Journal of my Tour by jeep of Thailand, Cambodja and Vietnam, November, 1956, p.28


NOVEMBER, 1956 , page 28

Down below, my jeep was the center of attention, which made it the more painful when, after an easy start, the engine suddenly stopped when I turned the car around. Even though the entire village population helped push, the engine refused to turn on, so finally an old truck had to tow me back to Siem Reap. It was an unforgettable trip with a glorious fire red sunset which put the entire Western skies aflame. We did get some unexpected rain, and the tow cable broke a few times, but for the rest everything went well.
I left the jeep at a Chinese garage and changed to long khaki, because the mosquitoes were very bothersome. After a plate of rice and a short walk, I found a hotel, with a small, narrow and hard bed under a giant mosquito net. The next morning, the mosquitoes sat , satiated and fat , on the wrong side of the screen.
While I had breakfast of coffee and stickbread, two heavy motorcycles slowly puffed their way through the street. On it, two Iranian students - which I met again in Bangkok a few weeks later - who were on a ten-year tour around the world. They carried along a small expo of Iranian art products and were particularly interested in the various cultures of the countries they visited.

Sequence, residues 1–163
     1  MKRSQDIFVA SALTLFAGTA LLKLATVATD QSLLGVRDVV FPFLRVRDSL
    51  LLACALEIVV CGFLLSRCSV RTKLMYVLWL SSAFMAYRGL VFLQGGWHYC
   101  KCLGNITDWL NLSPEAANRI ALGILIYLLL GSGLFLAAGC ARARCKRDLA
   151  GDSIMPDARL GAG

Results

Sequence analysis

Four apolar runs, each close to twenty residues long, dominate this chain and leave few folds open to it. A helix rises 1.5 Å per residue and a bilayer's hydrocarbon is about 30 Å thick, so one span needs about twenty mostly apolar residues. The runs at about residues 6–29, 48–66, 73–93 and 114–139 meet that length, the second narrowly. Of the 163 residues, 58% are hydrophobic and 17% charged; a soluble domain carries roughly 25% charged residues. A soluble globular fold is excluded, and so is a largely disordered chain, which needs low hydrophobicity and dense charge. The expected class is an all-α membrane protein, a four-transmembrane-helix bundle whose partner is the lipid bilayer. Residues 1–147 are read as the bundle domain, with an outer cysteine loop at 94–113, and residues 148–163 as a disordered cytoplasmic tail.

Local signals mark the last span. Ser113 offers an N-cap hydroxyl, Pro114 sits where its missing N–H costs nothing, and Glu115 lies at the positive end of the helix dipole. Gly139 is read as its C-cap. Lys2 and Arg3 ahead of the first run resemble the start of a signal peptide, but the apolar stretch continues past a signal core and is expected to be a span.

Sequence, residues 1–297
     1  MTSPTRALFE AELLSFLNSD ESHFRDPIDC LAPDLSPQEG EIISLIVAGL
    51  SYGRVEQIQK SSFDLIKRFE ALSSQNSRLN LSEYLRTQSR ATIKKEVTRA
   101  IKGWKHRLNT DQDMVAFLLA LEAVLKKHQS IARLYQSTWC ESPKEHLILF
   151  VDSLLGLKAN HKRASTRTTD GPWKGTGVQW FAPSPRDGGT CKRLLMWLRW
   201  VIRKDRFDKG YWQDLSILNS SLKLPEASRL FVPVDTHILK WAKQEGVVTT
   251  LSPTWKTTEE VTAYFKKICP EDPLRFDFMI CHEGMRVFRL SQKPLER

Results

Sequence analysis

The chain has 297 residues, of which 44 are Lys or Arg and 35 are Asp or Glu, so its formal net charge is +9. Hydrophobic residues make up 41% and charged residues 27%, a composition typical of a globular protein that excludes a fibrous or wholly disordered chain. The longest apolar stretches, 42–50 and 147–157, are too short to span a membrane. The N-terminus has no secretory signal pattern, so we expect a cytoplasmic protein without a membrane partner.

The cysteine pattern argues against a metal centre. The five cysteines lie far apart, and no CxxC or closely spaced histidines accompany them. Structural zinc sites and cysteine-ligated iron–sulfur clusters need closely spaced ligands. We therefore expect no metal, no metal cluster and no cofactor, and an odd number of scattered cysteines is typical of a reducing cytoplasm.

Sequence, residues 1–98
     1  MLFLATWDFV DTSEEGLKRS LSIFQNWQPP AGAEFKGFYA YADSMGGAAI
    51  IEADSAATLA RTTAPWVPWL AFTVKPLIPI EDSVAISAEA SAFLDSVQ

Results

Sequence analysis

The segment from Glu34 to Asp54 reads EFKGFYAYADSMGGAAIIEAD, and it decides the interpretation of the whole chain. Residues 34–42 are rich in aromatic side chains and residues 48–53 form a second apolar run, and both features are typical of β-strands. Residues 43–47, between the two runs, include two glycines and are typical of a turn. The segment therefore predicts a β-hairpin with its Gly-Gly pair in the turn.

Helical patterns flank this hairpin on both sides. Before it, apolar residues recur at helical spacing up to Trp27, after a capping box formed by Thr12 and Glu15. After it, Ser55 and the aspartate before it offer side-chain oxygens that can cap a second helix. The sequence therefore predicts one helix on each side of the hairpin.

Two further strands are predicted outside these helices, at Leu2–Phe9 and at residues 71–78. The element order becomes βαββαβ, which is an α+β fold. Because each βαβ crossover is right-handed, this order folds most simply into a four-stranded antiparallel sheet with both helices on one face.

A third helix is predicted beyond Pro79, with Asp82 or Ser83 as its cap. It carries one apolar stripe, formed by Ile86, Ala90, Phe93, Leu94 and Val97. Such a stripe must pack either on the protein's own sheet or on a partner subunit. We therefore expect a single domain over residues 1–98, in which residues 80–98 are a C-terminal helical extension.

Fixing the jeep took a few more hours than I expected, so I killed the time walking around and eating white beans in coconutmilk ice. A rare thing had happened in the jeep's engine: a rod in the distributor had broken which had taken the Chinese hours to diagnose. But in the early afternoon I was able to go on, at the score of 535. The next few villages boasted such names as Ang Krong (546), Damdek (556)[N 13.25 E 104.12, alt.17m] , Phoun Our (564), Kompong Koki (574), Spean Thnok (579, ... (583) and Staung (598) [anno 2002:13 communes, service code 06300]
The land was flat and the road pretty decent except on some stretches which were under repair. People were all dressed in black, and their skin color seemed a few grades darker than the average Thai. They were busy at work in the rice fields or fishing in the many ditches, canals and ponds. I saw a kind of marabou -a bird I never noticed in Thailand - helping to fish behind a group of nonchalantly dressed women wading through the water.

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